Why didn't the beetle cross the road? (Environment).
A road that a person strolls across with barely a thought proves a deadly barrier for many other creatures and can disrupt the usual traffic of their genes throughout a population.
Most of the recent studies of this effect have focused on vertebrates, note Irene Keller and Carlo R. Largiader of the University of Bern The University of Bern is a university in the Swiss capital of Bern. It was founded in 1834. As one of the German-speaking universities in Switzerland its official name is Universität Bern, although it is frequently referred to in the French form, Université de Berne. in Switzerland. These researchers turned their attention to the ground beetle Carabus violaceus.
This insect doesn't fly but proves to be a plucky pluck·y
adj. pluck·i·er, pluck·i·est
Having or showing courage and spirit in trying circumstances. See Synonyms at brave.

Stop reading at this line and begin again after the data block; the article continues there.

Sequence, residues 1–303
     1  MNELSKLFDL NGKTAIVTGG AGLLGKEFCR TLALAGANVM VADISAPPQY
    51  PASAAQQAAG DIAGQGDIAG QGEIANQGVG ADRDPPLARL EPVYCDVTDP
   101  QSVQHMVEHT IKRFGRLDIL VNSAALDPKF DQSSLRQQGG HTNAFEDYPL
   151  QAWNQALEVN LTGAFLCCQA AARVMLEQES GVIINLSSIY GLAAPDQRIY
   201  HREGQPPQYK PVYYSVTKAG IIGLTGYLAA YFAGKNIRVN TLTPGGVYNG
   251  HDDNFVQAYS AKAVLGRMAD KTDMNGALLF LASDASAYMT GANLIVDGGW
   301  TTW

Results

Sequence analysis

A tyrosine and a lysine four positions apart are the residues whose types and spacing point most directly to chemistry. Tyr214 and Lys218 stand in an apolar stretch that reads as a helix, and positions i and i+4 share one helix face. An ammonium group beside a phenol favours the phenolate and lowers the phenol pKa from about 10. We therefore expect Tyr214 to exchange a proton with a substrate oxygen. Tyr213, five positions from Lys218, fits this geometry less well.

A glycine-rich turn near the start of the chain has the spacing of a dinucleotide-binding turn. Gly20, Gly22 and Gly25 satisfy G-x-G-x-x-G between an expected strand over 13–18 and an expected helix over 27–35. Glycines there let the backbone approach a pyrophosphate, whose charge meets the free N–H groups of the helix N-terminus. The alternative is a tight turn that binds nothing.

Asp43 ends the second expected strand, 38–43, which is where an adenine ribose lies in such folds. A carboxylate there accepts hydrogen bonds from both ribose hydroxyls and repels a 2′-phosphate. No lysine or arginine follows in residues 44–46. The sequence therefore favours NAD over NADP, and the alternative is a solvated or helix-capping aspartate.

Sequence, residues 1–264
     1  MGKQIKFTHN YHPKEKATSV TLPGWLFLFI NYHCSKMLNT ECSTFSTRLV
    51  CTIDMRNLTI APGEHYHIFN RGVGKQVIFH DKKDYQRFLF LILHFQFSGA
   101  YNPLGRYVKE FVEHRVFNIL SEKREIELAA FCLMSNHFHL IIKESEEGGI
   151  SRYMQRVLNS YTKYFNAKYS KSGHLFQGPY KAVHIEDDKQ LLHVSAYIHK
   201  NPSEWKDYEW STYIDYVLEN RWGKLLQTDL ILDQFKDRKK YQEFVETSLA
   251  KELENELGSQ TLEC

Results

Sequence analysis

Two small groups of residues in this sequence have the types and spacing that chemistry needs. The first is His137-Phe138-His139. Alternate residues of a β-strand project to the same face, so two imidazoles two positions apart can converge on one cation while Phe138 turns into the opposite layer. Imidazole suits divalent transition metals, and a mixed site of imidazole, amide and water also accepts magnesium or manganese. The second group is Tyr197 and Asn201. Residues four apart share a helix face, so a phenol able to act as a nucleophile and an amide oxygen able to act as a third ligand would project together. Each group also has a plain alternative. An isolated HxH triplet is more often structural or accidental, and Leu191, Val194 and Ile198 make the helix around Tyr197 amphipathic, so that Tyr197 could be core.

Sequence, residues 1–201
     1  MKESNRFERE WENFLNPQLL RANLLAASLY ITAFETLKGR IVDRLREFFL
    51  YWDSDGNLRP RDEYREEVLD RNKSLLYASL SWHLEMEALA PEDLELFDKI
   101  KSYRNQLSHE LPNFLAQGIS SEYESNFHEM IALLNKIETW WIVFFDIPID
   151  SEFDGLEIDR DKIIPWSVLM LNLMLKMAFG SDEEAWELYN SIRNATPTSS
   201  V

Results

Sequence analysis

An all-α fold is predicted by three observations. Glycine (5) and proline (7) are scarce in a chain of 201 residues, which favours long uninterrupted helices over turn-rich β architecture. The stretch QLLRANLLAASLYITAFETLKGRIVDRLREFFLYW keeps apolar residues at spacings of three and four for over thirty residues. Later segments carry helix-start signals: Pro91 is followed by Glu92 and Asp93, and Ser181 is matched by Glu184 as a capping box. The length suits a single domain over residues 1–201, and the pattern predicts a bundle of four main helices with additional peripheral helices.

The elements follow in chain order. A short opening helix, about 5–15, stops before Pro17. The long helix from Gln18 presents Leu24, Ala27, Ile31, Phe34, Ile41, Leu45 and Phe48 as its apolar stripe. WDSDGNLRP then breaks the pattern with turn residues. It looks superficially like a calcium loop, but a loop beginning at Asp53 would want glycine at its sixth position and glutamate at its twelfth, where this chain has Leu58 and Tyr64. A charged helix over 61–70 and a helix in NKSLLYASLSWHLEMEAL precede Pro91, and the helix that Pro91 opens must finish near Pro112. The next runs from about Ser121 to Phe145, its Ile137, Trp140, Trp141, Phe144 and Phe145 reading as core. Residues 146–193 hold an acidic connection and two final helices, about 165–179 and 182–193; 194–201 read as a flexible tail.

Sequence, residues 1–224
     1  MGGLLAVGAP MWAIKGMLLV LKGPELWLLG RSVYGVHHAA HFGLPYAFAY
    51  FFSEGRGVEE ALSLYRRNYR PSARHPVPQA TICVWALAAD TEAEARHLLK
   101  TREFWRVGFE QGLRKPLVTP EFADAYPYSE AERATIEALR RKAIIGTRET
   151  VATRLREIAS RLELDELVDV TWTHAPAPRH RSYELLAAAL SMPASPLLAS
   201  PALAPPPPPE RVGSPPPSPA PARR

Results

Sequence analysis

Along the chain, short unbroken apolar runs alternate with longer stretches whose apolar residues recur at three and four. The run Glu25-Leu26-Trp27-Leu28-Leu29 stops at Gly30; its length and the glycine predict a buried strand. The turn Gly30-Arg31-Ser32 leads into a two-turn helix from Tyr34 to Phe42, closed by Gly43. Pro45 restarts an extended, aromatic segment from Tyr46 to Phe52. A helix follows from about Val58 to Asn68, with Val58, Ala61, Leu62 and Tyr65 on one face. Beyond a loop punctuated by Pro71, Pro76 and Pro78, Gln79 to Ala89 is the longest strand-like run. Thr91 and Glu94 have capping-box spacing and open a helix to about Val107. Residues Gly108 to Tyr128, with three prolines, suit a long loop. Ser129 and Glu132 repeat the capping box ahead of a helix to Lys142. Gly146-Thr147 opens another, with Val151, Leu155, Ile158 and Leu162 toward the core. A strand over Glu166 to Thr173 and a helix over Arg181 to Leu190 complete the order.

pluck traveler on the ground. Other researchers had observed that another species of ground beetle is extremely wary of crossing roads.
Keller and Largiader collected their beetles beetles
members of the insect order Coleoptera. They are common intermediate hosts for tapeworms.
this and other mealworms are common inhabitants of poultry houses and are suspected of aiding in the transmission of from eight places in a Swiss forest sliced by three roads. The biggest genetic differences appeared between beetles living on opposite sides of roads. Also, beetle populations confined to specific forest areas by the roads seemed to have lost some of their genetic diversity, the researchers report in an upcoming Proceedings of the Royal Society Proceedings of the Royal Society is a scientific journal published by the Royal Society of London.
Today, the Royal Society publishes two proceeding series:
1. Conducive to good health; salutary.
healthful·ness n. genetic diversity in invertebrates.--S.M.